Iceland is a small island with a small population: exactly 320,044 people as of June 30, 2012, in fact.
So it makes sense that Reykjavik, its biggest city, is a capital with a charming, small-town feel—kind of like Amsterdam (pop. 800,000). Although two-thirds of the Icelandic population lives in and around Reykjavik, many head to the countryside during the summer to work in tourism. (One such Reykjavik resident was our Zodiac boat captain, whom you met in a previous post.)
Still, Reykjavik felt far from empty during our visit. That’s because this city is packed—with style, creativity, and color. Just check out these houses in downtown Reykjavik!
One striking similarity I found between Reykjavik and Manila: the use of corrugated iron (a.k.a. GI or galvanized iron) sheets as a building material.
In Reykjavik, the choice is dictated by the harsh weather; back home it’s simply a matter of economics… which makes our GI homes look
totally third world quite different. How I wish Manila could pull off this look!
That similarity aside, the pristine white trim, clean lines and enamel house numbers give Reykjavik homes that distinct Scandinavian vibe.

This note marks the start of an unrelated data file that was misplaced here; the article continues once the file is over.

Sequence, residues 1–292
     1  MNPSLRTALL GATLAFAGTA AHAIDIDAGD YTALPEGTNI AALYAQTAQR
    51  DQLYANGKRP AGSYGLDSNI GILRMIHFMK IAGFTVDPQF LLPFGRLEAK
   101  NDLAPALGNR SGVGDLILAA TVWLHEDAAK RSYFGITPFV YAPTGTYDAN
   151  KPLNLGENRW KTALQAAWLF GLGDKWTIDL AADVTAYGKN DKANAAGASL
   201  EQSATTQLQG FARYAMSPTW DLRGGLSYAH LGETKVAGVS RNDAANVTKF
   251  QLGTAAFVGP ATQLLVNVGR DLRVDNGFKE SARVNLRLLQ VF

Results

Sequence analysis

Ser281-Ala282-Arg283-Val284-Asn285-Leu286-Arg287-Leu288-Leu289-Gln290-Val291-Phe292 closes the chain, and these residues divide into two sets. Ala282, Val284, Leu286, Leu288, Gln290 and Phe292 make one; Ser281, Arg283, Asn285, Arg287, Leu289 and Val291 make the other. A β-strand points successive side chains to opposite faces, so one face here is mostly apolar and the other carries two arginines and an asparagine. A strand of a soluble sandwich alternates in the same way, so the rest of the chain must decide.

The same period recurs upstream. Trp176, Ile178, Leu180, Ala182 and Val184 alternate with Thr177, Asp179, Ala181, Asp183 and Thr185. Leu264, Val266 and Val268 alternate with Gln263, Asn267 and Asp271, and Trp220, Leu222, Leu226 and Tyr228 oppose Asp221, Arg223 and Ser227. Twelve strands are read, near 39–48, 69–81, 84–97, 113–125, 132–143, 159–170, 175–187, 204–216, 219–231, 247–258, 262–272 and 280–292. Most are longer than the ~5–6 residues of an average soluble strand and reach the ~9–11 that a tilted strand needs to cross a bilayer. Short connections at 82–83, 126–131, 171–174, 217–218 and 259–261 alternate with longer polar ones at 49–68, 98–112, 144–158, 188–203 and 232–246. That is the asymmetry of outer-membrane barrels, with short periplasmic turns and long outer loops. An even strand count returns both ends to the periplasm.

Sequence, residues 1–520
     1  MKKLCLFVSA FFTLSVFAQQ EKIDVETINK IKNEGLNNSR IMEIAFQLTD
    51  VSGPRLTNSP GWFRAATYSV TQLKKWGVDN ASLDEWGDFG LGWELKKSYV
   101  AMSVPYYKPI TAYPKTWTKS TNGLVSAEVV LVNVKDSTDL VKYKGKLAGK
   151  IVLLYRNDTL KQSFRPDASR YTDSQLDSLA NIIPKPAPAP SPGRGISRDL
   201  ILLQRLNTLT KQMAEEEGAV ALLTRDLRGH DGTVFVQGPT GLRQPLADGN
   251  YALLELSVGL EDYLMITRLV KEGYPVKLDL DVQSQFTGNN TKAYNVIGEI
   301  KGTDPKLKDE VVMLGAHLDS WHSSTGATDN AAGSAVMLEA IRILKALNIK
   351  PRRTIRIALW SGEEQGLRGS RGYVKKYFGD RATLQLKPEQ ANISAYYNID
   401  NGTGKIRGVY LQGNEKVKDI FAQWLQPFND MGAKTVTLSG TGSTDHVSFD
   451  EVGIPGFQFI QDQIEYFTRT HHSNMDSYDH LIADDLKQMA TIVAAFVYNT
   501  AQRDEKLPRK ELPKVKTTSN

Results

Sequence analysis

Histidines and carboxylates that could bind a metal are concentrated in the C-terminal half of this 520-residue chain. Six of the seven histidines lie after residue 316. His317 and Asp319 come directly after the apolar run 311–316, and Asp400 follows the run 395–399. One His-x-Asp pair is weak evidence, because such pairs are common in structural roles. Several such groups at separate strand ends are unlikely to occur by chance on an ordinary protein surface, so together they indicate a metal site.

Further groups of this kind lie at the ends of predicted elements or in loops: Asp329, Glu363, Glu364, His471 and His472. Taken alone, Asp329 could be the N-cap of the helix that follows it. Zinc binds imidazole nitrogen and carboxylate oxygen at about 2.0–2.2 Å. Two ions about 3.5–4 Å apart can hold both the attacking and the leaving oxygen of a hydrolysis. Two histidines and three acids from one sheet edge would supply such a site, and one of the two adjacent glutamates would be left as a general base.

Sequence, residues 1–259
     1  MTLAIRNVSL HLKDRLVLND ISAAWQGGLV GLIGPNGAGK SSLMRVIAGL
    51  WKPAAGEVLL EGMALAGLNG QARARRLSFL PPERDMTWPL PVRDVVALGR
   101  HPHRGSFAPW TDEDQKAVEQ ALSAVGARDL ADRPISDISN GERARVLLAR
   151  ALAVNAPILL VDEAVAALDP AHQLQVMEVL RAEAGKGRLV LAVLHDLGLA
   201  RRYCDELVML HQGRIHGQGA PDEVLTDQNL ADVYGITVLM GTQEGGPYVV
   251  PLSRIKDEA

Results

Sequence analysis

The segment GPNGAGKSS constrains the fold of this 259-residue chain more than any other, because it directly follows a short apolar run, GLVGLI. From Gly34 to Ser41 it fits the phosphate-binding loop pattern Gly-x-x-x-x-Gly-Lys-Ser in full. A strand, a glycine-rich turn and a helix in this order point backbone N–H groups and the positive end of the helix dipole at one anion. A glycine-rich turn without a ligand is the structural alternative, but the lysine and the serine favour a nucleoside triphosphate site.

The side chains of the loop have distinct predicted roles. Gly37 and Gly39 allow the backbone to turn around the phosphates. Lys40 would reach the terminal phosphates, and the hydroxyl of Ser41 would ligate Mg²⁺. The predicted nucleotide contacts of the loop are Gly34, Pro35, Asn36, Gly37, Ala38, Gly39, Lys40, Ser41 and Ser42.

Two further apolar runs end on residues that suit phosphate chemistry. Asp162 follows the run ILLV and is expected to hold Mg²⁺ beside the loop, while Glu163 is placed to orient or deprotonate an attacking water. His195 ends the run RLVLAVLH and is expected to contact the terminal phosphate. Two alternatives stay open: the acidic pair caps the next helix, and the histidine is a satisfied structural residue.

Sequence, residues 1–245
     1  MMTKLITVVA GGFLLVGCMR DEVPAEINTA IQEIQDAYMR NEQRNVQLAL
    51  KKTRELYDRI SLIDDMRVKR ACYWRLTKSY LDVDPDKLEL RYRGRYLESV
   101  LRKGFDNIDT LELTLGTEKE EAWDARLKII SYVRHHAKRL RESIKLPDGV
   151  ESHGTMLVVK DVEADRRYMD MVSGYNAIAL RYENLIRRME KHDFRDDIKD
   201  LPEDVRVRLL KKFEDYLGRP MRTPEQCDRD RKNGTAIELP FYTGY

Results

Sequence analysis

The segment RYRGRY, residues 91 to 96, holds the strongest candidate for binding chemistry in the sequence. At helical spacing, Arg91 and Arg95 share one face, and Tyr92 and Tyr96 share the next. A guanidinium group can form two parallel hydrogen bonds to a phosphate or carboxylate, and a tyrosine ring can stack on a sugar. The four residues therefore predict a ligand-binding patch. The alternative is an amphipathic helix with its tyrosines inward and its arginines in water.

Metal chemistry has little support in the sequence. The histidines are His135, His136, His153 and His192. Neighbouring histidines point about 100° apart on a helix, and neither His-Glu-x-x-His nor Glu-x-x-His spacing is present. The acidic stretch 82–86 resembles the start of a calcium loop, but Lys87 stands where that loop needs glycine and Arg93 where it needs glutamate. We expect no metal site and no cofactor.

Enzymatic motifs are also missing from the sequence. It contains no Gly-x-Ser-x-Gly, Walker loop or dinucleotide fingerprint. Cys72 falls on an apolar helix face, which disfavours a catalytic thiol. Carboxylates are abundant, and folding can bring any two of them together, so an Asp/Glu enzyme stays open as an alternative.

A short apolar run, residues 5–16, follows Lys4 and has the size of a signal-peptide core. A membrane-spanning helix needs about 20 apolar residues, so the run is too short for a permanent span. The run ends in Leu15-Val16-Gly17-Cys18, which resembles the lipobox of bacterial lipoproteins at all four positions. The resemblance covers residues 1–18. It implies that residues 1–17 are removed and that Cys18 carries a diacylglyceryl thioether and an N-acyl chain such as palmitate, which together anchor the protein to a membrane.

In addition to the houses, much of the color in downtown Reykjavik comes from street art, which is everywhere.
I especially loved these murals with “pixelated” mosaic tiles that sparkled in the sun.
I wish I knew who created them. Can anyone ID these?
Aside from color, another thing I love to see in a city is humor.
I don’t quite know if the Icelanders are poking fun at visitors, or at their own language here. Maybe it’s a bit of both?
Speaking of humor, my Pinoy funny bone was quite tickled to spot a familiar name in the Reykjavik cafe scene.
To Filipinos, Babalu is one of the funniest sidekicks in Pinoy pop culture, whose name has been immortalized in local slang as a way to describe someone with a prominent chin. But in Reykjavik, Babalu is a little cafe that serves great cakes, crepes and coffee in a quirky, cozy environment…
… with a perfectly charming roof terrace.
After exploring downtown (mostly just walking, since shopping is freaking expensive), we ended our Reykjavik day by walking to its harbor front. In contrast to the small, colorful houses downtown, the most striking piece of architecture is the huge, shiny new concert hall called Harpa.
After the narrow streets and cozy feel of the city center, the harbor feels open and expansive, all sea and sky. Here, the Viking ship Solfar (The Sun Voyager), sculpted by Jon Gunnar Arnason, is permanently poised to set sail, to brave the elements, to discover.
A Reykjavik day’s final flash of color comes very, very late in the summer—well past midnight—but it’s worth staying up for.
Reykjavik is the furthest I’ve ever been away from home, but it’s funny how many things reminded me of where I come from: its color and humor, its people’s resilience and friendliness (not to mention their persistent belief in little people!), even its GI sheets and stunning sunsets. What a wonderful surprise, this city.